What makes a model train landscape? Detail!
And Rob has been back in touch to show us how he’s making his layout look even more realistic.
He’s really dialling in to the detail now – have a look at how he made his cobble stones.
And the waves on the harbor are just as impressive:
I have been spending quite a bit of time on my harbor scene lately.
I replaced the craft foam representing concrete with Wills embossed plastic sheets representing granite paving stones or setts.
When I completed that task, I painted the plastic to look like granite paving stones. The information about how it was done is in a pair of videos. I will provide links to both at the end of this description.
When I originally started this area 3 years ago, I tried putting some of the paving stone plasticard down but found it to be very tedious and slow.
At the time I was trying to get the whole layout pretty well landscaped so wanted to move on to other areas as soon as possible.
This craft foam was okay and it served well until I felt I wanted to replace it with something more interesting.
I am now going back over the entire layout spending whatever time is needed to improve it and get it up to the best standards possible.
I find this process rewarding, very satisfying, and fun.
As you and others have said, “A layout is never done.”
When you live with a layout for a while, you start to see where it could be improved. Some folks never get around to doing the things that would improve their layouts and that is okay.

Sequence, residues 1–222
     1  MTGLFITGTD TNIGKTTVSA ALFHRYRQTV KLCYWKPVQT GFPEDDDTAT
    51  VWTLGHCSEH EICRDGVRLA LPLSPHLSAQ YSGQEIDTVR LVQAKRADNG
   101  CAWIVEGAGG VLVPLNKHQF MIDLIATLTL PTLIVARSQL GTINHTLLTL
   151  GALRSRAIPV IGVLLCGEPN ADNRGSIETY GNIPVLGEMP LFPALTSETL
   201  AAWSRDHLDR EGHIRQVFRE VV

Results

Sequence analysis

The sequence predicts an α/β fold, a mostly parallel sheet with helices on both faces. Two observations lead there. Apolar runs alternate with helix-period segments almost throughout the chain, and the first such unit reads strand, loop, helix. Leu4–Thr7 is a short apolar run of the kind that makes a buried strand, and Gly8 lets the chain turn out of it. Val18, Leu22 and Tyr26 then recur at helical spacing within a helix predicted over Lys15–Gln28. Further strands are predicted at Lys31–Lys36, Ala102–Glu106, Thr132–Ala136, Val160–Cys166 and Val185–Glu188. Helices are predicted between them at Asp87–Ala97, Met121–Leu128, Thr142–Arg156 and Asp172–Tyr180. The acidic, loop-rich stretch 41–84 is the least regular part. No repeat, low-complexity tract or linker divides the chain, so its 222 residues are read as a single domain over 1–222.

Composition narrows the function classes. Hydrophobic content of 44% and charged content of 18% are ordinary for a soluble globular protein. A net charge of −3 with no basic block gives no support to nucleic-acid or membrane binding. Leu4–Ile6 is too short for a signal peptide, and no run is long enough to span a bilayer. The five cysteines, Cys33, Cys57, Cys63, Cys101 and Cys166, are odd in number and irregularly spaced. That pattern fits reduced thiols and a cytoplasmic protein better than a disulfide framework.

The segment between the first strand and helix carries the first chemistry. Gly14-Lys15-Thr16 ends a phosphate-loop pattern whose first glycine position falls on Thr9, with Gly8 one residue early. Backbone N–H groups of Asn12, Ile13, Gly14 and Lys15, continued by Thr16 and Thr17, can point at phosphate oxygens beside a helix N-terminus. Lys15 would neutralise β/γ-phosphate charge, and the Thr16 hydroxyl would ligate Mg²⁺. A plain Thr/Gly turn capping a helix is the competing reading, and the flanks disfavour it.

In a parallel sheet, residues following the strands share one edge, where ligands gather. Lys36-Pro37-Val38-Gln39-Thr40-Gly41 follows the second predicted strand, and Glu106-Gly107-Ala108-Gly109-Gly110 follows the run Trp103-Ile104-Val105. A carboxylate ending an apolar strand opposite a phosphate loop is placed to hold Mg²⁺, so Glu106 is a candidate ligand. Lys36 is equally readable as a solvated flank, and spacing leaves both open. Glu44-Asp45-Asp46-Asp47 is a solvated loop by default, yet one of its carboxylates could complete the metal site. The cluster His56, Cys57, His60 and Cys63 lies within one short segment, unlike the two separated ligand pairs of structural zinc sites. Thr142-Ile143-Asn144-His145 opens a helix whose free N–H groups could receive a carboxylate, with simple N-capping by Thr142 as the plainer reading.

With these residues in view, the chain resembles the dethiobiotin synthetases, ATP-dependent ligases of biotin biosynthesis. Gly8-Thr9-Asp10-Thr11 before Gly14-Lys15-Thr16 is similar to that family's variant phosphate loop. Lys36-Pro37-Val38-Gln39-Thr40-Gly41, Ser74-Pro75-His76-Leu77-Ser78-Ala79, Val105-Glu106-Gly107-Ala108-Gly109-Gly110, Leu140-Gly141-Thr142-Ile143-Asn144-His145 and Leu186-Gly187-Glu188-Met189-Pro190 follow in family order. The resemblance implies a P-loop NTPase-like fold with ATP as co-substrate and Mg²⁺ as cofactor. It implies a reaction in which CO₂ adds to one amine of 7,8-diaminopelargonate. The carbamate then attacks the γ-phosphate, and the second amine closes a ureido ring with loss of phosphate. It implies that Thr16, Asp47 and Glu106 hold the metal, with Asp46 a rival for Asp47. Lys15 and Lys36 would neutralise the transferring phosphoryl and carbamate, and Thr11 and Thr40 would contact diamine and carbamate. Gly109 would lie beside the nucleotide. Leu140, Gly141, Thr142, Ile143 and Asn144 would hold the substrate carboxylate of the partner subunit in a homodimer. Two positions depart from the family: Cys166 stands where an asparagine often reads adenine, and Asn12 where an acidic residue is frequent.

Layouts are personal things and if you are enjoying what you have as is whether it is bare plywood or highly detailed it is okay.
It is yours and you can have it any way you want. I work on my layout for entertainment. I probably have more time to do that than most since I am retired and my wife is still working. It means I have 5 days per week to spend on the layout if I choose to do so and I usually do.
The photos are of the harbor area with craft foam being used to emulate concrete. It can be cut and painted to simulate cracks and relief joints as I tried to do in the photos.
It works quite well, but I always longed for something that would illustrate more the time period I was after on the layout. The last one I added because it is one of my favorites. It has nothing to do with concrete or granite paving stones.
Here are the two videos about installing and painting the granite setts.
Laying the embossed plastic cards
I hope this material is helpful to someone who wants to do this on their layout and wondered how someone else may have done it.
Thank you Al for all you do for the modeling community worldwide. We all appreciate you and I personally look forward to your email links every morning before I read the newspaper.
Rob McCrain – Farland Howe”
A huge big thank you to Hall of Fame member, Rob, for sharing his model train landscape tips.
I’d love to hear what you have to say on this one – please do leave a comment below.
That’s all for today folks.
Please do keep ’em coming.
And if today is the day you get started on your layout, the Beginner’s Guide is here.